Dragon’s Den Episode Two: Life’s a Beach for ‘Sandy’ Andy Robertson, Shazia and Yusuf Mustafa shine, Vicki Edmunds cooks up a storm but the team like Jeff and Colette Bell’s haircare the most!
Often when watching Dragon’s Den it is the innovative pitches that stick in the mind even if those delivering them don’t get any money from the investors at the end of the day. I think the most memorable pitch for the majority of Dragon’s Den viewers has to be from Levi Roots, arguably the most successful entrepreneur that has appeared on the show, as he came down those stairs singing and playing the guitar a truly awful introduction for his truly spectacular sauce.
We had several instances of that tonight kicking off with Welsh pensioner Vicki Edmunds who wanted £50,000 for a 15% share in her business which was essentially a website where travellers can log on and find some locals who would be willing to cook them dinner and give them information about the local area.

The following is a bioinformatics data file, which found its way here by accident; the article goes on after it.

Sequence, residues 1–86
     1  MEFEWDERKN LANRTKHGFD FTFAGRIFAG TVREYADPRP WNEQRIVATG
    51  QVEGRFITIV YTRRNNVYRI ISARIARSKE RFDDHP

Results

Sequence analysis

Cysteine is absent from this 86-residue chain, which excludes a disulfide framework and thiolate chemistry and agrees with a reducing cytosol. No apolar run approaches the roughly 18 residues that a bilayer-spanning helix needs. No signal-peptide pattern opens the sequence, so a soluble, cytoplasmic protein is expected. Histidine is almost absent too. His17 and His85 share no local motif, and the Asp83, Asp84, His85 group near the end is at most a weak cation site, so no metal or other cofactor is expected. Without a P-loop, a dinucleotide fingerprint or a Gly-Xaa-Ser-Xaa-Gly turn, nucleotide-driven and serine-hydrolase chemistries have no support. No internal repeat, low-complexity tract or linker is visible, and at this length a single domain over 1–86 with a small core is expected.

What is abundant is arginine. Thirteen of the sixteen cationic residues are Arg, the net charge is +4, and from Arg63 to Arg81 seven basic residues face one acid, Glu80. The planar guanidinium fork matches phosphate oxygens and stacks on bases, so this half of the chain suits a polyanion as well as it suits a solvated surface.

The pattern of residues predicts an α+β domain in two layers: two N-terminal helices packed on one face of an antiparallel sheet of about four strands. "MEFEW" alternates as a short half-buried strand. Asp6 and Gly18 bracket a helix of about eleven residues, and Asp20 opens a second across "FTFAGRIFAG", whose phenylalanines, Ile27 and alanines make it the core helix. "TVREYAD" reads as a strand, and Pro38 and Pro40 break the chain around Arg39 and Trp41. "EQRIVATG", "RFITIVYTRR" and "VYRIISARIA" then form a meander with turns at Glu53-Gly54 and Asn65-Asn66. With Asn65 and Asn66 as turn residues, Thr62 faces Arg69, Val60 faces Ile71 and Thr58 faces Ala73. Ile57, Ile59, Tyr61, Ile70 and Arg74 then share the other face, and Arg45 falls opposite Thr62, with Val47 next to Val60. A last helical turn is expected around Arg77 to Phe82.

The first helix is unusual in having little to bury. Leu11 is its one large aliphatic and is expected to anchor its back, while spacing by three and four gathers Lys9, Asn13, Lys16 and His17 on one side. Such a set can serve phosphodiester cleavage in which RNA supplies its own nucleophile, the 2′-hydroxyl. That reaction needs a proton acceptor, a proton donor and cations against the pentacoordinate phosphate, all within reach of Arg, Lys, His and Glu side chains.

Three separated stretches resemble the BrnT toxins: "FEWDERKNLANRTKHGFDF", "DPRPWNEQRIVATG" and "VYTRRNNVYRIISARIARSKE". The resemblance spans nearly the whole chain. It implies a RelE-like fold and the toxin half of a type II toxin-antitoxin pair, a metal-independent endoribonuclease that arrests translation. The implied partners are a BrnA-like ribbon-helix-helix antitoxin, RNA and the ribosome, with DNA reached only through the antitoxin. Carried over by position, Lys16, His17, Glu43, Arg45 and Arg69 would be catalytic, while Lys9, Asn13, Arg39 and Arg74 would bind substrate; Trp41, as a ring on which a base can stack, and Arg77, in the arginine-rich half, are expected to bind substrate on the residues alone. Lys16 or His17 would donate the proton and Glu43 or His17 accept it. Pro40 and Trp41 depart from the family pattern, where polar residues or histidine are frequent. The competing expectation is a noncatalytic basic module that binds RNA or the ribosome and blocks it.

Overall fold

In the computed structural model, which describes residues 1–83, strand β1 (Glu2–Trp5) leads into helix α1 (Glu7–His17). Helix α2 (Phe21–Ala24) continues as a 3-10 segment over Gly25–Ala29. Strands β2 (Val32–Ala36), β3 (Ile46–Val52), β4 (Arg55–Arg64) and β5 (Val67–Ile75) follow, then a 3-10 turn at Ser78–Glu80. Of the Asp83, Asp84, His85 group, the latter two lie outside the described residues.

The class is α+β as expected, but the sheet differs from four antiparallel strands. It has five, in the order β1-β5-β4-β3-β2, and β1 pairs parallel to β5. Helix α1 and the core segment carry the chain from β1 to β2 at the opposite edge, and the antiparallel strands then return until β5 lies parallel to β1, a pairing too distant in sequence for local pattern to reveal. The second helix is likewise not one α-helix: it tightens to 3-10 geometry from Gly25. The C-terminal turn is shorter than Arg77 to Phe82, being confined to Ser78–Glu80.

Vicki was very passionate about her business, imaginatively titled eatwithalocal.com, as she regaled the dragons with tales of her going to Goa and herself hosting an Australian student before cooking them some Welsh laverbread an example of what she’d cook up for any website members who came to her house for tea. As the omnipresent and utterly annoying announcer Evan Davies remarked ‘a jovial atmosphere doesn’t go down well in the den’ and soon the investors were asking this kindly old woman about figures and projected sales. Luckily her daughter was upstairs so she bellowed for Georgia to join her and in turn Georgia was able to give them some ways she’d thought that the business could expand into other marketplaces however one by one the dragons dropped out as they thought that the £50,000 wasn’t enough for eatwithalocal.com to become a profitable enterprise. Only Hilary Devey looked at all interested however she wanted a whopping 95% of the business while Georgia would only go to 50% meaning that the mother and daughter pair went back to the valleys with no money but with at least one more member for the website as Duncan Bannatyne claimed he’d join up as soon as he got home.